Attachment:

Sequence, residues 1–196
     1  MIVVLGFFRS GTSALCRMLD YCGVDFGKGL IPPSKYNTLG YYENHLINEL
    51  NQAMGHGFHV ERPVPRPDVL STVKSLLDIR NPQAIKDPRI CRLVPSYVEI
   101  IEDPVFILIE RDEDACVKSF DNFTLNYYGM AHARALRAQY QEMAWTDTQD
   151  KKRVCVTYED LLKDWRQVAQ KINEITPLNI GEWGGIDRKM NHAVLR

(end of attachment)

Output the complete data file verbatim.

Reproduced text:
Sequence, residues 1–196
     1  MIVVLGFFRS GTSALCRMLD YCGVDFGKGL IPPSKYNTLG YYENHLINEL
    51  NQAMGHGFHV ERPVPRPDVL STVKSLLDIR NPQAIKDPRI CRLVPSYVEI
   101  IEDPVFILIE RDEDACVKSF DNFTLNYYGM AHARALRAQY QEMAWTDTQD
   151  KKRVCVTYED LLKDWRQVAQ KINEITPLNI GEWGGIDRKM NHAVLR